Which QFTs have mathematically rigorous constructions a la AQFT? I understand there are many such constructions in 2D, in particular 2D CFT has been extensively studied mathematically. But even in 2D there are many theories without known constructions e.g. non-linear sigma models in most curved target spaces. In higher dimensions the list of non-free examples is much shorter.

I'm looking for a complete list of QFTs constructed to-date with reference to each construction. Also, a good up-to-date review article of the entire subject would be nice.

EDIT: This question concerns QFTs in Minkowski (or at least Euclidean) spacetime, not spacetimes with curvature and/or non-trivial topology.

  • $\begingroup$ G. Scharf thinks he constructed QED rigorously in his "Finite Quantum Electrodynamics" (a realistic QFT) ;-) $\endgroup$ – Vladimir Kalitvianski Oct 17 '11 at 13:30
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    $\begingroup$ @Vladimir: Scharf provides a perturbative construction only, using the method of Epstein and Glaser. I think the question pertains to rigorous nonpertubative constructions. $\endgroup$ – Abdelmalek Abdesselam Oct 17 '11 at 16:25
  • $\begingroup$ @Squark: what do you mean by "a la AQFT"? Do you only want a list of theories constructed using the methods of Algebraic QFT? or do you want the list of all theories constructed by whichever method yet satisfy the Wightman axioms of Axiomatic QFT? $\endgroup$ – Abdelmalek Abdesselam Oct 17 '11 at 16:31
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    $\begingroup$ Gents, so far all answers concern the 2D case only. I suppose there are some interacting examples in 3D at least, no? $\endgroup$ – Squark Oct 17 '11 at 18:29
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    $\begingroup$ @Pieter: The Wightman axioms need to be extended to deal with theories like QCD & 2d sigma models where the algebra of observables is generated by local operators which are not themselves observables (because they do not them have well-defined correlation functions). In these theories, the state-operator correspondence which is baked into the Wightman axioms doesn't quite work. This isn't an insurmountable obstacle: something like the Holland-Wald axioms is probably fine. $\endgroup$ – user1504 Nov 4 '12 at 23:11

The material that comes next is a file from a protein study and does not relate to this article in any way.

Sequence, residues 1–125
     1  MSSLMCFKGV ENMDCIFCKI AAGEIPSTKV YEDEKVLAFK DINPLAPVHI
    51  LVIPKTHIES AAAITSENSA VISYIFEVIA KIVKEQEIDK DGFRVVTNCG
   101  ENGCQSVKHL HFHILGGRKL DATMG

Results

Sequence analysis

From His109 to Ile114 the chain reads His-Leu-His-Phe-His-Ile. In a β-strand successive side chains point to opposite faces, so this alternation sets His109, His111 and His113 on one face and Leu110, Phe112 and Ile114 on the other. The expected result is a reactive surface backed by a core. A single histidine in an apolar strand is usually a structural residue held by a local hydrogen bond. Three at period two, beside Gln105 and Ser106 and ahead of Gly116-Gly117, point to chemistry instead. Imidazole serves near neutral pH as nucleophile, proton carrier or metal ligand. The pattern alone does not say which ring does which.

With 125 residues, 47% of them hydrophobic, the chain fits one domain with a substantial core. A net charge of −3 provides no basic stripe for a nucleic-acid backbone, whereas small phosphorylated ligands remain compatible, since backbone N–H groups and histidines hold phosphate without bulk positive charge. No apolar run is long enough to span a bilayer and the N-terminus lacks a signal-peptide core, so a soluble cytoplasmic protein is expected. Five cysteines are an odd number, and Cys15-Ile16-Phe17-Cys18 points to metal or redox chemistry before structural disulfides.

The list would be a bit too long here. It also depends on how demanding you are on the notion of "being constructed". If you take a rather restrictive definition as: all the Wightman axioms have been established then that excludes Yang-Mills even though important work has been done by Balaban as mentioned by Jose and also other authors: Federbush, Magnen, Rivasseau, Seneor. Examples of theories where all the Wightman axioms have been checked:

  • Massive 2d scalar theories with polynomial interactions, see this article by Glimm, Jaffe and Spencer.

  • Massive $\phi^4$ in 3d, see this article by Feldman and Osterwalder as well as this one by Magnen and Seneor.

  • Massive Gross-Neveu in 2d see this article by Gawedzki and Kupiainen and this one by Feldman, Magnen, Rivasseau and Seneor.

  • Massive Thirring model, see this article by Frohlich and Seiler and this more recent one by Benfatto, Falco and Mastropietro.


For CFT there are many examples. I will give some examples of local conformal nets on the circle (or real line). The Ising model Pieter mentions is the Virasoro net with $c=1/2$. The Virasoro net can be constructed for the discrete $c<1$ and $c>1$. See eg.

  • Kawahigashi Y. Longo R. (2004) "Classification of local conformal nets. Case c<1" Ann. of Math. 160, p493-522

They furthermore classify all local conformal nets with central charge $c<1$. Positive energy representations of loop groups give conformal nets.

The conformal nets associated to lattices and its orbifolds are constructed in

  • Dong & Xu. Conformal nets associated with lattices and their orbifolds. Advances in Mathematics (2006) Volume: 206, Issue: 1, Pages: 279-306

and in the same issue Kawahigashi and Longo have constructed the "moonshine" net.

  • Kawahigashi & Longo. Local conformal nets arising from framed vertex operator algebras. Adv. Math. 206 (2006), 729-751.

For massive models in 2D Lechner constructed the factorizing S-matrix models in which are a priori just "wedge-local" nets but he managed to show for a class that to show the existence of local observables.